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Publication numberUS20050148266 A1
Publication typeApplication
Application numberUS 10/748,611
Publication dateJul 7, 2005
Filing dateDec 30, 2003
Priority dateDec 30, 2003
Also published asCA2489263A1
Publication number10748611, 748611, US 2005/0148266 A1, US 2005/148266 A1, US 20050148266 A1, US 20050148266A1, US 2005148266 A1, US 2005148266A1, US-A1-20050148266, US-A1-2005148266, US2005/0148266A1, US2005/148266A1, US20050148266 A1, US20050148266A1, US2005148266 A1, US2005148266A1
InventorsDavid Myers, Ganesh Deka, Nina Frazier
Original AssigneeMyers David L., Deka Ganesh C., Frazier Nina C.
Export CitationBiBTeX, EndNote, RefMan
External Links: USPTO, USPTO Assignment, Espacenet
Self-supporting pleated electret filter media
US 20050148266 A1
Abstract
The present invention provides an electret nonwoven web useable in a variety of applications. The nonwoven web is prepared from continuous fibers and once formed, a binder composition is applied to the nonwoven web. Generally the binder composition is sprayed on or impregnated into the nonwoven web and the binder composition is cured forming a nonwoven web/binder composite material. After the binder composition is cured, the composite is electret charged. The application of the binder composition to the nonwoven web provides the nonwoven web with stiffness and with characteristics such that it can be pleated and such pleats can be retained without the use of a supporting substrate. This makes the electret charged nonwoven web highly suitable and cost effective for filter media by eliminating the need for laminating the media to a supporting member.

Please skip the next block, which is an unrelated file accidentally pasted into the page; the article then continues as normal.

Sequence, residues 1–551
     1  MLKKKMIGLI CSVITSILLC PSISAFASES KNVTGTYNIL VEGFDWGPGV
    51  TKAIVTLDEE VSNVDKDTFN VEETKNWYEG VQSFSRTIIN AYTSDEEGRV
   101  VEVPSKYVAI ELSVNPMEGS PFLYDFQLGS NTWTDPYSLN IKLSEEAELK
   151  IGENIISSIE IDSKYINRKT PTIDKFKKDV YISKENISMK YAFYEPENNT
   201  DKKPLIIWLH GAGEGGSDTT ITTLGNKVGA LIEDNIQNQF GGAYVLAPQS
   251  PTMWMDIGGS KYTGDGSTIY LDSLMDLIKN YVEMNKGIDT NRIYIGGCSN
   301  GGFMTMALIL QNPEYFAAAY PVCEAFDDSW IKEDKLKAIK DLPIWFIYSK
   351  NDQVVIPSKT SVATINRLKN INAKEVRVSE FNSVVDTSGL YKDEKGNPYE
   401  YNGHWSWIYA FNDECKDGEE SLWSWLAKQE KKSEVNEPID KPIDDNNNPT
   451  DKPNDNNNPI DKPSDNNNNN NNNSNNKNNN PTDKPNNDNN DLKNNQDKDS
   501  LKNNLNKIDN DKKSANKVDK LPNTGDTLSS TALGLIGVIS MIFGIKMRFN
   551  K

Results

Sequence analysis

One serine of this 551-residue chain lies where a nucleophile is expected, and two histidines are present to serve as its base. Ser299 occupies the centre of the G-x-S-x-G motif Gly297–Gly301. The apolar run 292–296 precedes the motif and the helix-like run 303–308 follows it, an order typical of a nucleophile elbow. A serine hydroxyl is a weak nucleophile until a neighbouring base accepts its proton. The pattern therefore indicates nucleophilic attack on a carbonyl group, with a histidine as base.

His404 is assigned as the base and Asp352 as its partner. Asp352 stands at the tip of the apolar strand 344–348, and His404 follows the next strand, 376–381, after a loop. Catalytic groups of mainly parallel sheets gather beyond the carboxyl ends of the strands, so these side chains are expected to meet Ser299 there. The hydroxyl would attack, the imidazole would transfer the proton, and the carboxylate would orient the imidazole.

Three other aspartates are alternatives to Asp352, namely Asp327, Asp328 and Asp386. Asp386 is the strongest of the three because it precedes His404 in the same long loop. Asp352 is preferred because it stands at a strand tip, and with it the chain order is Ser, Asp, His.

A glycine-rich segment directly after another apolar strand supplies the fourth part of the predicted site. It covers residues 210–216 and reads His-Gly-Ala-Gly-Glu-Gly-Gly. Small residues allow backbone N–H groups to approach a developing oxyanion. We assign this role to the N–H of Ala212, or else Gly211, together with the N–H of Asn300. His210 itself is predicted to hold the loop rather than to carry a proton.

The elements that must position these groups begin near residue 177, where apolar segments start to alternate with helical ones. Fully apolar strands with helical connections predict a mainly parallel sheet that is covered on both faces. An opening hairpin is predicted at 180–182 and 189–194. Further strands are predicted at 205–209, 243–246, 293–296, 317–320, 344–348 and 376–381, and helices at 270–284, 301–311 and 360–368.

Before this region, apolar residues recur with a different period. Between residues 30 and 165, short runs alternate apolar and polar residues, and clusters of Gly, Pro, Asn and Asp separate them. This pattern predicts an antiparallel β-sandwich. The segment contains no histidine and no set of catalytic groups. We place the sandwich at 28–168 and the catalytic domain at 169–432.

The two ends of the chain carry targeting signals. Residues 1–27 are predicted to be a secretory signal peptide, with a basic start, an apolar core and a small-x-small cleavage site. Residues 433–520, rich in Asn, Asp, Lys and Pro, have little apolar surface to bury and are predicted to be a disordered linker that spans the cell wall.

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Claims(27)
1. An electret nonwoven web comprising
a. a continuous fiber nonwoven web;
b. a binder composition;
wherein the binder composition is applied to the continuous fiber nonwoven web, the binder composition is cured to form a nonwoven web/binder composite, the composite is electret charged.
2. The electret nonwoven web of claim 1, wherein the continuous fiber nonwoven web comprises a spunbond fiber nonwoven web.
3. The electret nonwoven web of claim 2, wherein the nonwoven web comprises monocomponent fibers, multicomponent fibers and/or multiconstituent fibers.
4. The electret nonwoven web of claim 3, wherein the nonwoven web comprises multicomponent fibers.
5. The electret nonwoven web of claim 4, wherein the multicomponent fibers comprise polypropylene as a first component and a polyethylene as a second component.